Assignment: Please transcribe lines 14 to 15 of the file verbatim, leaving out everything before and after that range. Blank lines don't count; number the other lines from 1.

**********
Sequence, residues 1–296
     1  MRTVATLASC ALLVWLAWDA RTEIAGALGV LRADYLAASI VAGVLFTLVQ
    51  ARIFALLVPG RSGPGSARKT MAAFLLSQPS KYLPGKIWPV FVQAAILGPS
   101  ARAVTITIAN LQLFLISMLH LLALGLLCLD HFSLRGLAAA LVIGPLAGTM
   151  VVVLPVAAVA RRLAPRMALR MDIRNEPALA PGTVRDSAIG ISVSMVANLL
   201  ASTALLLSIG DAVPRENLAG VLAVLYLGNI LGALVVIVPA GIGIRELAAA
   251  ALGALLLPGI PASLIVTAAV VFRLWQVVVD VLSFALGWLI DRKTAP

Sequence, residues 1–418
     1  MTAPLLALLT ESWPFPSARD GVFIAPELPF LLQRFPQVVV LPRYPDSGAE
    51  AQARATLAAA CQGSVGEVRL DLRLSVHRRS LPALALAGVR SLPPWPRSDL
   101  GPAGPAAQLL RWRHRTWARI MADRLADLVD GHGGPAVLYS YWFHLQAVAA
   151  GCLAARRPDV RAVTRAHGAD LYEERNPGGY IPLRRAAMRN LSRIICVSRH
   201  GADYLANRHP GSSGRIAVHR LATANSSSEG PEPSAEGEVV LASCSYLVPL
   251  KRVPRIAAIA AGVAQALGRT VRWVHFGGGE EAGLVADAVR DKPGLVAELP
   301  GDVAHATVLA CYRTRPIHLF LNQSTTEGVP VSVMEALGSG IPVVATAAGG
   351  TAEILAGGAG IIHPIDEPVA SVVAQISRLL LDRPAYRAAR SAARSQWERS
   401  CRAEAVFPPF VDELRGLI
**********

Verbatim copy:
   251  KRVPRIAAIA AGVAQALGRT VRWVHFGGGE EAGLVADAVR DKPGLVAELP
   301  GDVAHATVLA CYRTRPIHLF LNQSTTEGVP VSVMEALGSG IPVVATAAGG